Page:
Five months after Equifax hack, Social Security still relies on discredited firm

Social Security keeps stonewalling about what it paid Equifax to do and why it won't cut hacked firm loose

Published January 8, 2018 4:58AM (EST)

 (AP/Mike Stewart)
(AP/Mike Stewart)

Nearly five months after an unprecedented security breach at the credit rating firm Equifax exposed Social Security numbers and other data, making some 147 million Americans vulnerable to potential identity theft and fraud attacks, the Social Security Administration continues to use an identity security system devised by Equifax for the MySocialSecurity online portal.

Equifax was awarded a no-bid $10 million contract back in early 2016, as the company boasted at the time, “to help the SSA manage risk and mitigate fraud for the mySocialSecurity system, a personalized portal for customers to access some of SSA’s services such as the online statement.”  

After learning from a Sept. 15 Salon investigation about the SSA’s continued use of Equifax’s identity-verification system, Sen. Sherrod Brown, D-Ohio, and Sen. Orrin Hatch, R-Utah, wrote to Social Security asking them to terminate the contract. They also have urged the federal government to end all contracts with Equifax, at least until it is determined how the giant credit firm managed to be vulnerable to such a colossal hack and why it waited several months to notify affected Americans whose credit data it collects and maintains.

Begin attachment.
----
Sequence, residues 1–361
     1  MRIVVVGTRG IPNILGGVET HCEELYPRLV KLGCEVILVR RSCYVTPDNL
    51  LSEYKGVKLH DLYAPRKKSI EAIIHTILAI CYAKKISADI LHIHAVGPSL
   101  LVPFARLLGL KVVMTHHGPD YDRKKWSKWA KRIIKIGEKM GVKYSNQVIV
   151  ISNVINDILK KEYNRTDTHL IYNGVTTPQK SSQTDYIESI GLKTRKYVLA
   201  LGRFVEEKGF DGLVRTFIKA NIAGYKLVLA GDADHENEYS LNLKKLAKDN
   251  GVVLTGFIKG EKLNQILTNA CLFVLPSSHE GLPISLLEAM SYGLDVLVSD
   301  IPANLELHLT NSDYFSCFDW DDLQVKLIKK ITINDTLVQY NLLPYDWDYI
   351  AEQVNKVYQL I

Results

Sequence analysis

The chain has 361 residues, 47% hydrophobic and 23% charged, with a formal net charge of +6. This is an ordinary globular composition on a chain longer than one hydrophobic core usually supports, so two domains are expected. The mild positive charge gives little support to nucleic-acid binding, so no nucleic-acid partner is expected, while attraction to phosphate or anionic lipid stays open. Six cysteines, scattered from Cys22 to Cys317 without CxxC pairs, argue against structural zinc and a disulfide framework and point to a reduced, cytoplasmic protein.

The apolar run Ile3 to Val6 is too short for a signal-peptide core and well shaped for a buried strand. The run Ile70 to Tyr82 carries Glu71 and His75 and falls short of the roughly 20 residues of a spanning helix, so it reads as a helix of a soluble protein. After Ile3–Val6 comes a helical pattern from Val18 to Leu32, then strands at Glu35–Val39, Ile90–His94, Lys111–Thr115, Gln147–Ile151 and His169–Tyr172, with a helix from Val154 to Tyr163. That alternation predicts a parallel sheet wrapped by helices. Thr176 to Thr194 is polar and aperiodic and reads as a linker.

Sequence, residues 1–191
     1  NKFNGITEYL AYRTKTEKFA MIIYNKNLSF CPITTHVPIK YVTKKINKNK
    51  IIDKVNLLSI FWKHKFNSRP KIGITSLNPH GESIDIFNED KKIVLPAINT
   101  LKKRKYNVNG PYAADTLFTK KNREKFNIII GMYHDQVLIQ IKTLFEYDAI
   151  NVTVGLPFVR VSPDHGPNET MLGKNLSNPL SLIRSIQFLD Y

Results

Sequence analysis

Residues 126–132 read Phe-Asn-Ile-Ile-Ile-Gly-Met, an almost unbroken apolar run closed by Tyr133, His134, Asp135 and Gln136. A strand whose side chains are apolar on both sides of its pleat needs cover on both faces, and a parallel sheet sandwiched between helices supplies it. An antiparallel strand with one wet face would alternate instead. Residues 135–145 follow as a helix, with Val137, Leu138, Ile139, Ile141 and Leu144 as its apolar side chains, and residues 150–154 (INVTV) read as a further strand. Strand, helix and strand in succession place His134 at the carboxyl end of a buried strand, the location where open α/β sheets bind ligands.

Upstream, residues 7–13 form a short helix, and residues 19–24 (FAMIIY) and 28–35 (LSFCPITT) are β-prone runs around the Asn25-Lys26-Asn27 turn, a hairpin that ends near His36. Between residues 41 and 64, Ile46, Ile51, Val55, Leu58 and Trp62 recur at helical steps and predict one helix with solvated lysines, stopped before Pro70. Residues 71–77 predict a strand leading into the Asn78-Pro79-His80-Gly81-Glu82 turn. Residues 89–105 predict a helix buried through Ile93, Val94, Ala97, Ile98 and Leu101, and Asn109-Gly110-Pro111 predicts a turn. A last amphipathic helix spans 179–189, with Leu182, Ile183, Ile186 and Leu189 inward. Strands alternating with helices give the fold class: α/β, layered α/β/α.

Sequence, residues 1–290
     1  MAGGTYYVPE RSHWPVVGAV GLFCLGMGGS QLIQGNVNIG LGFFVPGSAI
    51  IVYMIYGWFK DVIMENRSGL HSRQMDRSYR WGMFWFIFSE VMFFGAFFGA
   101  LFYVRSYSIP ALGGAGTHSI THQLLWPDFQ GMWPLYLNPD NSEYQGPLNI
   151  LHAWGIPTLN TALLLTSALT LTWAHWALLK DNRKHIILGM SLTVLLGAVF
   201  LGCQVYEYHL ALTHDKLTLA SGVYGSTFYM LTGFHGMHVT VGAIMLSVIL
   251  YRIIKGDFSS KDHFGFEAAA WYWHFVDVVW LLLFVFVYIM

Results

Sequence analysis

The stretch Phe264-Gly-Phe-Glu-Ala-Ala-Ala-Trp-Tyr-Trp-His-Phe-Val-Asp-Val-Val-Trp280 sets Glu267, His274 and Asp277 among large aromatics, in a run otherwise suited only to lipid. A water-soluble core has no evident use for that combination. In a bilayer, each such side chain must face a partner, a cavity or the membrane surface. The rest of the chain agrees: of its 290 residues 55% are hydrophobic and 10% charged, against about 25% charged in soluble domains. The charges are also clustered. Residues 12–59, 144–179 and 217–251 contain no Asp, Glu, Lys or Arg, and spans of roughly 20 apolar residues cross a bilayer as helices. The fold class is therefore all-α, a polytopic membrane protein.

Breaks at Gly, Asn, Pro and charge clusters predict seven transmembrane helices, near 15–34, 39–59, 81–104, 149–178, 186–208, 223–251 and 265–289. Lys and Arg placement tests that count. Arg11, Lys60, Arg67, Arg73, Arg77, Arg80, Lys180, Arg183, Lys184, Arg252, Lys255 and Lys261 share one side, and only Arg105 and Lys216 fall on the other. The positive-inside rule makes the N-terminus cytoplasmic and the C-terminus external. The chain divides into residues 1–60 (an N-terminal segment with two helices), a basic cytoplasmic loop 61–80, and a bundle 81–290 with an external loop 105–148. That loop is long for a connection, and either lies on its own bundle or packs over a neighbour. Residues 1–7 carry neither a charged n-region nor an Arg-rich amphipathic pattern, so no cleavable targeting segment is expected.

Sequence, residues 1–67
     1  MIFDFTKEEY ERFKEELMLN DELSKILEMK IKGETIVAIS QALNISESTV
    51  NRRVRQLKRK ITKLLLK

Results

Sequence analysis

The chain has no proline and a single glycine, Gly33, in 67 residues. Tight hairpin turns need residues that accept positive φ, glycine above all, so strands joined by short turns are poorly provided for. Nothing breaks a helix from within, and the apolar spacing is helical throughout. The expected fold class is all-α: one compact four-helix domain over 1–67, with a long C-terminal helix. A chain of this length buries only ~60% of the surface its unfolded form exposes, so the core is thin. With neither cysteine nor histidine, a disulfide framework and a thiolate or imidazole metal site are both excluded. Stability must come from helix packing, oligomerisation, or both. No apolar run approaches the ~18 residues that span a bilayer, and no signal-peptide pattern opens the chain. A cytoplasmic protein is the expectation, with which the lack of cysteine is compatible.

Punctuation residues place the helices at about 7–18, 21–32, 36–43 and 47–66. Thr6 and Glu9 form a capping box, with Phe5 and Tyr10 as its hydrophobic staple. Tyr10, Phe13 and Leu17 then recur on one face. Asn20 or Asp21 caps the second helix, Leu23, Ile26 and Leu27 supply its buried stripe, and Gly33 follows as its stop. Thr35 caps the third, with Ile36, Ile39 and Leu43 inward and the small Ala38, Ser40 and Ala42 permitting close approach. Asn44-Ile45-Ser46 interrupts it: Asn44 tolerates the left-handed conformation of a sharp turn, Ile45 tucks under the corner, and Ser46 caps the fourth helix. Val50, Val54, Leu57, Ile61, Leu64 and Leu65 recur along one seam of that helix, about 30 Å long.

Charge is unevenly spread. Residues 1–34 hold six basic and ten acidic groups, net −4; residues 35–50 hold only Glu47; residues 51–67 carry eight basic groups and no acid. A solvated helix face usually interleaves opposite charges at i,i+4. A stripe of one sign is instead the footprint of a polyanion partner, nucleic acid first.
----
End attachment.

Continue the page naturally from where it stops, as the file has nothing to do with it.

The SSA’s continued use of its Equifax contractor’s compromised work contrasts with the decision made by the Internal Revenue Service. On Oct. 13, apparently at the urging of Brown and Hatch, the IRS “temporarily suspended” its $7.2-million security verification contract with Equifax for taxpayers using the agency’s online access.

In a letter of explanation provided to Salon, the IRS wrote:

During this suspension, the IRS will continue its review of Equifax systems and security. The IRS emphasized that there is still no indication of any compromise of the limited IRS data shared under the contract.

The contract suspension is being taken as a precautionary step as the IRS continues its review. 

Suspending the identity-proofing work provided under the contract means that the IRS will be temporarily unable to create new accounts for taxpayers using Secure Access, which supports applications including online accounts and transcripts. Although people can’t create new accounts, current Secure Access users aren't affected by this contract change and will continue to have access to their accounts. Other taxpayers still have options available for things such as obtaining transcripts, which can be ordered by mail. The IRS notes most of its services and tools are unaffected by this change.

That might sound like a sound decision by the tax authority, but it also raises the question of why the IRS decided, just 10 days before that suspension, to renew its no-bid Equifax contract. After all, the story about the huge Equifax data breach was front-page news across the country in September, only a few weeks before that renewal. At the time of the renewal, Equifax was already under investigation by the Justice Department, the FBI and the Federal Trade Commission, according to CNN.

Politico, which initially broke the story of the IRS Equifax contract renewal, reported at the time that the IRS said it was maintaining the relationship “to prevent a lapse in identity checks” for online users.